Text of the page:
Technology in Cricket
In collaboration with Cricket Ireland
The world of sport is constantly evolving through the presence of technology. Cricket is no different.
Over the past number of years, we have seen many different changes to the game of cricket both on and off the field. These changes have enabled player enhancement, better decision making and a fairer end result. However, do you know how these technologies have been enabled? Cricket Ireland have been delighted to have Hanley Energy as their Technology Partner for the last five years and as their full women’s team sponsor for the last four years. Hanley Energy plays an integral role in the development of technology in sport, but you might wonder how?
In the last decade, technology in cricket has become more and more prevalent. The main difference is that of the decision review system (DRS), which has been implemented at international level. This system allows each team to challenge the umpire’s views on a decision – and allow technology to decide whether the decision is correct or not. Despite there being a bit of initial resistance to this technology when it was introduced back in 2009, it is now a regular fixture across all men’s international games and some women’s international games.
Former Irish Cricket Captain, Alan Lewis said:
“Overall in cricket, it has been a fantastic addition to the game. The technology to show direct hit run-outs to be out, when to the naked eye – they did not look out. The players have become used to the technology and know how it will work for them and against them when making their reviews. In my playing days, it was a case of taking the rough with the smooth with umpire decisions. Now, players can have that option to review if they want to.”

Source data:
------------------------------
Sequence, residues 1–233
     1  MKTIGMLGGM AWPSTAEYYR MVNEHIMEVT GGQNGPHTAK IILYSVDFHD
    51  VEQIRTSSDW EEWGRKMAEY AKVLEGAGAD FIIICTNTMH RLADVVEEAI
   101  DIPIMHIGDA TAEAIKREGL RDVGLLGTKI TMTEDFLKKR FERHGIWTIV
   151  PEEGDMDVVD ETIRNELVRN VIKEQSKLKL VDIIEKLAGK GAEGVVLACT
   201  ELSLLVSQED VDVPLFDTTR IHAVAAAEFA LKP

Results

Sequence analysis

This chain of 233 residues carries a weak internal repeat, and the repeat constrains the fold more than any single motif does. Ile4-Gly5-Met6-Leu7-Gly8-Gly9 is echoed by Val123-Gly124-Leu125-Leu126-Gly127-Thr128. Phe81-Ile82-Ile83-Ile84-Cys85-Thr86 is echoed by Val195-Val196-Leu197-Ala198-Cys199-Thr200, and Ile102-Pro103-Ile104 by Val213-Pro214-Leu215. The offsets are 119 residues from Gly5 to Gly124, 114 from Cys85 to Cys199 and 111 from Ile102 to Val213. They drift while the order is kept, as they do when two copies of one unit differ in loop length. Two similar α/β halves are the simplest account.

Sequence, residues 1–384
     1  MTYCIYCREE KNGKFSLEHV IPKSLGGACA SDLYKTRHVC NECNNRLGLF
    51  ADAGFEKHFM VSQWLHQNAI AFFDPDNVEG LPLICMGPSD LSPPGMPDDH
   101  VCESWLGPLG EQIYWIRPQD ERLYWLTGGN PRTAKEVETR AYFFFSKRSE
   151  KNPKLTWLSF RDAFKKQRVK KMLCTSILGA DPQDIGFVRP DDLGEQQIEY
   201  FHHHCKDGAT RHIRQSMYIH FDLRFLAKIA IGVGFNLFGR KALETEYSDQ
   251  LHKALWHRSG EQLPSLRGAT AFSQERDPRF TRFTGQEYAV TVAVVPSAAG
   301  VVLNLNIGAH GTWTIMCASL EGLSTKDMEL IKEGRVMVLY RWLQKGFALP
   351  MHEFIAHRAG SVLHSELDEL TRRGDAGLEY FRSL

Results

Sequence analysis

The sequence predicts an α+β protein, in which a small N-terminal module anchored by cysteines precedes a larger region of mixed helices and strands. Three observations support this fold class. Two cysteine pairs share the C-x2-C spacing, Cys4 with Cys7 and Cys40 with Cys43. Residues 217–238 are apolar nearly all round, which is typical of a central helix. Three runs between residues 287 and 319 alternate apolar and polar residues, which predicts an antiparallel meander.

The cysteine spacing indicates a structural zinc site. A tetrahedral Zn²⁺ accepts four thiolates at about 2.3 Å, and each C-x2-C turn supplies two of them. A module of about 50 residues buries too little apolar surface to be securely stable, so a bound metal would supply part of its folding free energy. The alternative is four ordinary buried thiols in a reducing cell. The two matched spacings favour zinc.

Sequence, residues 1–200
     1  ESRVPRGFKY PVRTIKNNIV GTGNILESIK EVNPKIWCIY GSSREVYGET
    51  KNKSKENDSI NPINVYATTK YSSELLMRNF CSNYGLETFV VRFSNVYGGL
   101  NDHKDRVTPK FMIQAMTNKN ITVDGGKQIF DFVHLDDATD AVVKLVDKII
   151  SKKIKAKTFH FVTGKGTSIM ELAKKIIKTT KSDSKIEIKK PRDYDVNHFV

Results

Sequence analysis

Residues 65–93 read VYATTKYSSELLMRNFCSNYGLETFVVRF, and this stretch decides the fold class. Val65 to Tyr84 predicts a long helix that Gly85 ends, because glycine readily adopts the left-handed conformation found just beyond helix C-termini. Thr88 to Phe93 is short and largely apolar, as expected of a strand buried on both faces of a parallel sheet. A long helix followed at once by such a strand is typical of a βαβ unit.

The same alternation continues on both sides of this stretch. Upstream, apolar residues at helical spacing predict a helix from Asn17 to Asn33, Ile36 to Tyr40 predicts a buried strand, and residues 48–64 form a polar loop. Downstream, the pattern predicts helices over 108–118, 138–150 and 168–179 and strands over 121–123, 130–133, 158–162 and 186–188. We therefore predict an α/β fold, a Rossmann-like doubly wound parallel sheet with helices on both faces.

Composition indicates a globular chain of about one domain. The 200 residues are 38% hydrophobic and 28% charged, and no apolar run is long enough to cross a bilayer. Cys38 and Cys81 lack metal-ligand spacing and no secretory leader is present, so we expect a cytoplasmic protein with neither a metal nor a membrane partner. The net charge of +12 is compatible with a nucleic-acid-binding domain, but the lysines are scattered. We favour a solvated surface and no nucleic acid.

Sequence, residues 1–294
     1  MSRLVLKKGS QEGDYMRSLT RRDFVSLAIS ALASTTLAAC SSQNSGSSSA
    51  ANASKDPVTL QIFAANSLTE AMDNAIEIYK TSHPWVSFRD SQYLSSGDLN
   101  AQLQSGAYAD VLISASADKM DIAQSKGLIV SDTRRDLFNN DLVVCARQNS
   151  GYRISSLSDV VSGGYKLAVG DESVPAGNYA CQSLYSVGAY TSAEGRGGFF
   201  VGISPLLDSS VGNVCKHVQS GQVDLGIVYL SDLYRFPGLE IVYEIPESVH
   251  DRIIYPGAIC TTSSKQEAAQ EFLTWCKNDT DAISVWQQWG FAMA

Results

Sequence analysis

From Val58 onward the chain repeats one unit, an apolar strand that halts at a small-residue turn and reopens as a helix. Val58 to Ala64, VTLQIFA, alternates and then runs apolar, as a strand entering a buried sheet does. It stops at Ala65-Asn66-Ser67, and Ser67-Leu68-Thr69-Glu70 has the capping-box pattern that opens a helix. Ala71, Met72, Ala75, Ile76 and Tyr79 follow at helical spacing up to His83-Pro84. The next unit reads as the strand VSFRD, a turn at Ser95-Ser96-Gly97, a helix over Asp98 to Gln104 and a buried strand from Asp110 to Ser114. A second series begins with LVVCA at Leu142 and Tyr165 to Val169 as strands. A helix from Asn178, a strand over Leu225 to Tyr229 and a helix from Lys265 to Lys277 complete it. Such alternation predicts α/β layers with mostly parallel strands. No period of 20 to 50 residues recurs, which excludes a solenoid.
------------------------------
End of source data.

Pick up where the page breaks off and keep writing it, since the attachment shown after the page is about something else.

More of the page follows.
The technology comprises features such as hawk-eye, hotspot and snicko to allow us view the sounds off the bat and observe the ball tracking of each delivery. This has been groundbreaking for the game as it has allowed players and teams to get the reprieve they may deserve for an incorrect decision.
ITW Consulting is a broadcaster for Cricket Ireland. They said:
“Technology has gone from being a curiosity to an integral part of the game. This has helped the viewer experience also. The viewer receives richer graphics, more angles and a customisation to watch bite size highlights, milestones or big plays whenever they want.”
Hanley Energy is Cricket Ireland’s Technology Partner and they have been growing from strength to strength over the last decade. Hanley Energy serves hyper-scale data centres worldwide and through the uptake on digitalisation throughout every sector – the demand for cloud computing has grown. This has allowed Hanley Energy to grow their business, where they provide the energy for data centres to allow quick and reliable technology to take place. This can be seen globally in many different spheres including sport. How we see the technology of hawk-eye or hotspot on a cricket pitch can often be narrowed down to a data centre which Hanley Energy are providing the energy for. The technology needed for players to observe matches back and analyse their own games is also powered from these same data centres.
Laura Delany, current captain of the Irish Women’s International team commented on the beneficial nature of new technology in the game:
“Sometimes you can think that you’re doing something in your head and then you look back on it – and it is completely different to what you thought. To be able to compare and contrast between training and match situations is crucial. Having the ability of a speed gun (to measure the pace of each ball) at training, is imperative for us to improve our batting before facing better standards of teams.”
The DRS system has proved to be an excellent addition to the game and similar in a lot of ways to the Television Match Official (TMO) in rugby or Video Assistant Referee (VAR) in football. Both these systems strive for the correct decisions to be made and therefore for the sport to run in the most fluid way possible. However, the multiple angles that these decisions are made with, are provided through the use of data centres – allowing for the correct decisions to be made and thus the sport becoming a fairer environment to play in.